Shortly before 0500, we walked in the backyard for ten minutes, and she urinated, rolled on the ground, sniffed, barked at someone walking behind the rectory at the school, but I did not see her vomit, and I was watching. We came in, I offered each dog a little scrambled egg, but she turned around and withdrew to bed. By her bodily restlessness in the past hour, I would guess that she feels some abdominal discomfort, and that dissuades her from eating. Moses ate his portion greedily, as a healthy Lab would do.
I keep thinking of the song, “Today, while the blossoms still cling to the vine…” Living in the present is crucial, but one can take it too far, as this song does: “Who cares what tomorrow will bring?” Well, I care. I would have sung, “Who knows what tomorrow will bring,” which is true; but care we must, for it is part of our human task to provide for ourselves and our loved ones a safe, healthy life, to the extent possible. And I care what tomorrow may bring, because my dear friend is living on the edge of death. I care very much that she live, live well, be happy. That is part of love. And so is my bearing with her as she undergoes physical wasting away. “Love bears all things, believes all things, hopes all things, endures all things. Love never ends.”
May our common Creator sustain us, and give me insight as to how to help Zoe as well as possible. May I recognize and attend to her basic needs, and bear with her patiently and gently. And as Zoe dies, may I do my priestly and domestic duties as well as possible, and not neglect either the parishioners nor Moses. When sorrow arises in my heart, may I remember gratitude, and the sufferings of others. For all of us go through this process of dying with our family, friends, and loved ones, again and again. May the Creator help me to treasure Life, this day and always. As my grand-mother said in her dying words, “Don’t ever forget; life is a beautiful thing.” Life is beautiful and good, although it surely includes sufferings and sometimes evils with which we must live and overcome to the best of our abilities. For those with ears, there remains the divine promise: “You shall live and have your life as a prize of war,” of struggle, says the prophet Jeremiah (ch 21).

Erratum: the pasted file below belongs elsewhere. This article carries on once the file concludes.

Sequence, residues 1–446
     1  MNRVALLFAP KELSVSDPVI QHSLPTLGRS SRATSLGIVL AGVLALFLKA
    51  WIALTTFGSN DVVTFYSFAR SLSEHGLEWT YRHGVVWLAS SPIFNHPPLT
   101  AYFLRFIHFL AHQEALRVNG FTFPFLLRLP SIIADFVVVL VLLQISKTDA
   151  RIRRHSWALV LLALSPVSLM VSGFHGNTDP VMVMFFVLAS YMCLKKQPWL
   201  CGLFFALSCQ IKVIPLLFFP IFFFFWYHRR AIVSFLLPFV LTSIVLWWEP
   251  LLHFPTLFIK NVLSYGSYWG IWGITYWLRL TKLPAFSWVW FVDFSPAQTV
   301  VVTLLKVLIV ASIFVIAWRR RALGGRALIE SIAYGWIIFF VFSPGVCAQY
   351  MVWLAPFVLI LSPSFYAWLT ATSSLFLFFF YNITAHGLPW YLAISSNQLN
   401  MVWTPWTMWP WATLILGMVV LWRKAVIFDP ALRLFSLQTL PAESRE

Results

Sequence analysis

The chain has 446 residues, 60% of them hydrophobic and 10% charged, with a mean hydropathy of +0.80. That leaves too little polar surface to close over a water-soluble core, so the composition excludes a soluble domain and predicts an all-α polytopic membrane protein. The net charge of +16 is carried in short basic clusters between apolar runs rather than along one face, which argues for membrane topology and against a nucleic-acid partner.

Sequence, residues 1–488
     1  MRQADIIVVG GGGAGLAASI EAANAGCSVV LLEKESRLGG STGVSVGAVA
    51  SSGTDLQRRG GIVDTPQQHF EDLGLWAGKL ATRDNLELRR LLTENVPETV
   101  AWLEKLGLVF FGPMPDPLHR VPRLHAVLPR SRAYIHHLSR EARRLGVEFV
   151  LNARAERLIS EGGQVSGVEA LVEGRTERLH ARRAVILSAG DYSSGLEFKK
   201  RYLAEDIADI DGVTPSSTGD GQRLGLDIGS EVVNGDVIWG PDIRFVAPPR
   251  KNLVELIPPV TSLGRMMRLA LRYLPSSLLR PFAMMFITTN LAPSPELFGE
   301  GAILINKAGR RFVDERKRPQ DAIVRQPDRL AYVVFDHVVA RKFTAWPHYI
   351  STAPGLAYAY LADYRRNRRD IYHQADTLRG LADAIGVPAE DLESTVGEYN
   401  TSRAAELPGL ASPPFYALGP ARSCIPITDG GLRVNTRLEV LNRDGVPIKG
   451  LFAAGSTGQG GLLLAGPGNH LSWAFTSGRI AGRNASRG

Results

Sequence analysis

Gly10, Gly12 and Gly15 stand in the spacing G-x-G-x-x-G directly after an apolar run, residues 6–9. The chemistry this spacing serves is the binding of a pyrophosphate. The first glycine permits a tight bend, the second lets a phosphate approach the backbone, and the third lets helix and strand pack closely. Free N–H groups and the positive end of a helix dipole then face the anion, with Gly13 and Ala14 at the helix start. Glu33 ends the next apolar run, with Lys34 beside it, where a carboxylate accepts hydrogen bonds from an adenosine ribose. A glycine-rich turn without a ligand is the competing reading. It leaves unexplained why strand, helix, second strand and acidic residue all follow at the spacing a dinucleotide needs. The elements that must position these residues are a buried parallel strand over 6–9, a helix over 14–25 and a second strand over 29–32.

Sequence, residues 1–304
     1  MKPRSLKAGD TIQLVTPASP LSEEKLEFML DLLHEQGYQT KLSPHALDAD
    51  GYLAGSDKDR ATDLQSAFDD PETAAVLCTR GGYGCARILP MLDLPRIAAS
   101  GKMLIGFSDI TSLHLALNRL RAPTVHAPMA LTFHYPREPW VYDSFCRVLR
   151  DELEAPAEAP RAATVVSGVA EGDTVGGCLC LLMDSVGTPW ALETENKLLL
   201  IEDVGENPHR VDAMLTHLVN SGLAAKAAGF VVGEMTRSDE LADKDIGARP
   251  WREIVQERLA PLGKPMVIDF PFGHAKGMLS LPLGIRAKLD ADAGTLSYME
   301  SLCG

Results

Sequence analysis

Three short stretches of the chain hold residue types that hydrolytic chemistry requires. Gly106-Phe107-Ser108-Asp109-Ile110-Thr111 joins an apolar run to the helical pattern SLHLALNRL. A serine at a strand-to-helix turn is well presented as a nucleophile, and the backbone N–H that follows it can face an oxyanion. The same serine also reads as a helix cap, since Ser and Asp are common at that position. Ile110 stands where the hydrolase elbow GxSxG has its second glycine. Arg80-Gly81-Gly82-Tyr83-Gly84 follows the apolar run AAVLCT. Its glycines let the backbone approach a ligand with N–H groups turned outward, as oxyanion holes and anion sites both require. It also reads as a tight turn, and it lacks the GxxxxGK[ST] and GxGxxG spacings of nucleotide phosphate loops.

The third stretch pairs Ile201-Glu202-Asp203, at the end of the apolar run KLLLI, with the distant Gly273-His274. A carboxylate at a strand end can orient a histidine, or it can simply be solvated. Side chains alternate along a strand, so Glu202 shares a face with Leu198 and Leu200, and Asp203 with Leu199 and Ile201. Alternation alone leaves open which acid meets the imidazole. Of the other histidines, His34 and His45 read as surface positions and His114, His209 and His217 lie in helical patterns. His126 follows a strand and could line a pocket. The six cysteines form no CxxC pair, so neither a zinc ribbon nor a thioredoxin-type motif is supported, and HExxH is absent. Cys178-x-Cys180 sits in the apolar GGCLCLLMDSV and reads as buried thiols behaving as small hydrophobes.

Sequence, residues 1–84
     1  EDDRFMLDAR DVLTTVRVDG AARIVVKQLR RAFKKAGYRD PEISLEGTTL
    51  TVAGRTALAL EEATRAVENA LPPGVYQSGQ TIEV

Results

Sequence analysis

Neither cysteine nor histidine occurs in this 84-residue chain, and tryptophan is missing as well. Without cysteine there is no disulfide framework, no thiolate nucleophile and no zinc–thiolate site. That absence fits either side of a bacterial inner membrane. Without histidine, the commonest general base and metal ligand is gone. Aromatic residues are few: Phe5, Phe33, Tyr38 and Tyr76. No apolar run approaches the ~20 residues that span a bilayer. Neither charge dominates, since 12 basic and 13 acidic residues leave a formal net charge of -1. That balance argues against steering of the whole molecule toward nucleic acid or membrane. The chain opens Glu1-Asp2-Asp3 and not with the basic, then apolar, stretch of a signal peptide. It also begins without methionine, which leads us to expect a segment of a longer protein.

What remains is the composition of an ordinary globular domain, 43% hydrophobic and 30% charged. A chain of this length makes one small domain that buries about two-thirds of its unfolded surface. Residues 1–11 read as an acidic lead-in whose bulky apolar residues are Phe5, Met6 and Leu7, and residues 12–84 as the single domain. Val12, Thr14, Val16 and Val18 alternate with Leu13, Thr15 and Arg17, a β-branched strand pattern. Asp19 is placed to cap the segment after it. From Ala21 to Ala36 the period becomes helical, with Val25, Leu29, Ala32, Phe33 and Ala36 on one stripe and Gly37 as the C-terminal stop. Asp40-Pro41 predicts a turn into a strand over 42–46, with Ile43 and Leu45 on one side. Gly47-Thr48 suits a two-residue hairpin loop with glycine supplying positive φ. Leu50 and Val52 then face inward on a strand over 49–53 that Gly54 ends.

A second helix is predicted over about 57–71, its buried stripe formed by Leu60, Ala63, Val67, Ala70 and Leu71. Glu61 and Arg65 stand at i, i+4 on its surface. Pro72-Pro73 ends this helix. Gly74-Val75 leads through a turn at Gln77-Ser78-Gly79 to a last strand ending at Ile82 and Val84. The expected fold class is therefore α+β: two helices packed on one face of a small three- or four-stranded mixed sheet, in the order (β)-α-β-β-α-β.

January 19, 7:00 p.m.
Today was a rallying day for Zoe. Last evening and yesterday morning I managed to give her some good nutrition, without stimulating vomiting. I pulverized chicken, and hand-fed it to her. Then this morning, our vet, Dr. Micki, came to Belt to attend Mass here, and administered an injection of a medication that blocks the trigger to vomit provoked by cancer. So today, Zoe has been fed. I deem it of considerable importance what I learned: that when a dog has cancer, do not feed carbohydrates, such as rice, but feed them protein and fat—including fish oil. So Zoe was given scrambled eggs today, and chicken, a couple cans of special diet for very ill dogs, a little pulled pork (without sauce), small pieces of cheese, fish oil mixed into her food. As of 7 this evening, the food has not been vomited up. That alone gives me considerable relief. How long will it last? Dr. Micki gave me pills to get into Zoe every other day to block the vomiting action of cancer. Only with some good food, not being vomited back up, can Zoe live more than a few days.
And yet, I know that this remedy is temporary, and one could say that it “prolongs her dying.” I see no reason to watch her starve to death, if medication is available to control the kind of gut-wrenching vomiting she has exhibited. Yes, Zoe is dying, but at least for today, she had some energy, ran a few tenths of a mile, walked a brief time with me, stayed close to my side this evening, and displays more of her characteristic life.